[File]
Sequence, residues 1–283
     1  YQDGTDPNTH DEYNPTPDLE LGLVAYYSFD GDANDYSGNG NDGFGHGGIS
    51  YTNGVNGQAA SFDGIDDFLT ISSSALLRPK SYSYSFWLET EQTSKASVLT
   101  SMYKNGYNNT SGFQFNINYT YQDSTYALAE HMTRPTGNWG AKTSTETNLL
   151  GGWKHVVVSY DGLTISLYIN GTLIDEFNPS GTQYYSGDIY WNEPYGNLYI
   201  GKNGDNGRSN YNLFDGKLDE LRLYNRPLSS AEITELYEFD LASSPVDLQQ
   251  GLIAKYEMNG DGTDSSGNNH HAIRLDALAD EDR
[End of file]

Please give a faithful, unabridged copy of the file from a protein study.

Sequence, residues 1–283
     1  YQDGTDPNTH DEYNPTPDLE LGLVAYYSFD GDANDYSGNG NDGFGHGGIS
    51  YTNGVNGQAA SFDGIDDFLT ISSSALLRPK SYSYSFWLET EQTSKASVLT
   101  SMYKNGYNNT SGFQFNINYT YQDSTYALAE HMTRPTGNWG AKTSTETNLL
   151  GGWKHVVVSY DGLTISLYIN GTLIDEFNPS GTQYYSGDIY WNEPYGNLYI
   201  GKNGDNGRSN YNLFDGKLDE LRLYNRPLSS AEITELYEFD LASSPVDLQQ
   251  GLIAKYEMNG DGTDSSGNNH HAIRLDALAD EDR